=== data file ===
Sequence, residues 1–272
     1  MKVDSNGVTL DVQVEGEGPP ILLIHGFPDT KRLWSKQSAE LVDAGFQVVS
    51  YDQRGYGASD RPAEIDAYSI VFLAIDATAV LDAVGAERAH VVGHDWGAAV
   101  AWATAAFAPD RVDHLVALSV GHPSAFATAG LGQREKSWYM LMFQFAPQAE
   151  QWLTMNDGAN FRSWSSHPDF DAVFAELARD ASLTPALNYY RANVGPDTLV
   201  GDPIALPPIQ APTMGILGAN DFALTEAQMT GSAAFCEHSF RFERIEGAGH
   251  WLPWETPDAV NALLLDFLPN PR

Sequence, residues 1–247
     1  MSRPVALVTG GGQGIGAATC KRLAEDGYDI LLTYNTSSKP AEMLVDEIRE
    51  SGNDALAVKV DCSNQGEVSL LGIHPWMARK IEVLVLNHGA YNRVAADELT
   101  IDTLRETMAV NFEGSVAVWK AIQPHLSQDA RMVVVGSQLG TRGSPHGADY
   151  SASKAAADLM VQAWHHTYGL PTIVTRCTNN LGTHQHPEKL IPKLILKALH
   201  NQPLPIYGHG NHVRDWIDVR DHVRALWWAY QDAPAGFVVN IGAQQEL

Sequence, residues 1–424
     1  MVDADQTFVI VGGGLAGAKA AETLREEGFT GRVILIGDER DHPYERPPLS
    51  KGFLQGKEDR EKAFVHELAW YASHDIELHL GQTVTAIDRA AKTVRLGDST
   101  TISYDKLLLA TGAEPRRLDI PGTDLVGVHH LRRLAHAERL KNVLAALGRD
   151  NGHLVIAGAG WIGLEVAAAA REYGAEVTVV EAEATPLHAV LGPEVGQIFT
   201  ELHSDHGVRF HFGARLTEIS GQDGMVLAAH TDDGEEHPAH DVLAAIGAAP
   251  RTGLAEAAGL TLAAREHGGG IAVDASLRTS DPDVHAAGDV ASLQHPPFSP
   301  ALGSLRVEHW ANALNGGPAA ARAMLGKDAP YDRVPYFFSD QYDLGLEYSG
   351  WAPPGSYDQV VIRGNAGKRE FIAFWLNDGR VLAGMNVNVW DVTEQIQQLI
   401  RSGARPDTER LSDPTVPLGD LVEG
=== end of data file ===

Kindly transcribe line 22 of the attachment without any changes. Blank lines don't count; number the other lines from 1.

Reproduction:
   351  WAPPGSYDQV VIRGNAGKRE FIAFWLNDGR VLAGMNVNVW DVTEQIQQLI